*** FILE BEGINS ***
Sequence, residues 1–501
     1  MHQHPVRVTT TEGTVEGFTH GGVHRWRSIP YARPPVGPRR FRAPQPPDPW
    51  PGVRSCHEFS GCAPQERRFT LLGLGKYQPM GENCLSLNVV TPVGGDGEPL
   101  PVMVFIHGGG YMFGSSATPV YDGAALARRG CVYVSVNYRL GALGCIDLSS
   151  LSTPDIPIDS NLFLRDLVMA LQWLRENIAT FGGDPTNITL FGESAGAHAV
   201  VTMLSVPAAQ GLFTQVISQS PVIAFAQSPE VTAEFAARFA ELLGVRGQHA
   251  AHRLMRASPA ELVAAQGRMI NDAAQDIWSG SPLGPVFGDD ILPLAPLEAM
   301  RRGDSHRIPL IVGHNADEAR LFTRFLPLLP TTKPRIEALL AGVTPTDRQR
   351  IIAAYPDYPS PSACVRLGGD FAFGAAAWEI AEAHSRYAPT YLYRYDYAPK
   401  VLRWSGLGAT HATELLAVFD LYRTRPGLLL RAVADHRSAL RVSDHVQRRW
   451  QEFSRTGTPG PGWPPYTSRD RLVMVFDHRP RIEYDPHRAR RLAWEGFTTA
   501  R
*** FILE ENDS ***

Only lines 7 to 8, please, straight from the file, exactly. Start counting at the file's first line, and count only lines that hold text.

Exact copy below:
   251  AHRLMRASPA ELVAAQGRMI NDAAQDIWSG SPLGPVFGDD ILPLAPLEAM
   301  RRGDSHRIPL IVGHNADEAR LFTRFLPLLP TTKPRIEALL AGVTPTDRQR